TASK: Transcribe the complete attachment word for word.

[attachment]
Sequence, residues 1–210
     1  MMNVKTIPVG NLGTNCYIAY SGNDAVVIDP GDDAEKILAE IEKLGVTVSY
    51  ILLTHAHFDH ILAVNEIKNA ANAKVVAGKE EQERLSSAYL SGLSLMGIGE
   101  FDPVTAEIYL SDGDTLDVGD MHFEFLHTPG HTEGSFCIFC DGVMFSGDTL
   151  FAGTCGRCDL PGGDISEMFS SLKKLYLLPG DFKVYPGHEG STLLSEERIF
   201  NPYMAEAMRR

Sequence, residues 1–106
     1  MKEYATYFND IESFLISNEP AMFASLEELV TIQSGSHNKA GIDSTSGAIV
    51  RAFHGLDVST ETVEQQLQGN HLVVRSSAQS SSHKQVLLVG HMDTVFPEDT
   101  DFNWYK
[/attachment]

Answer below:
Sequence, residues 1–210
     1  MMNVKTIPVG NLGTNCYIAY SGNDAVVIDP GDDAEKILAE IEKLGVTVSY
    51  ILLTHAHFDH ILAVNEIKNA ANAKVVAGKE EQERLSSAYL SGLSLMGIGE
   101  FDPVTAEIYL SDGDTLDVGD MHFEFLHTPG HTEGSFCIFC DGVMFSGDTL
   151  FAGTCGRCDL PGGDISEMFS SLKKLYLLPG DFKVYPGHEG STLLSEERIF
   201  NPYMAEAMRR

Sequence, residues 1–106
     1  MKEYATYFND IESFLISNEP AMFASLEELV TIQSGSHNKA GIDSTSGAIV
    51  RAFHGLDVST ETVEQQLQGN HLVVRSSAQS SSHKQVLLVG HMDTVFPEDT
   101  DFNWYK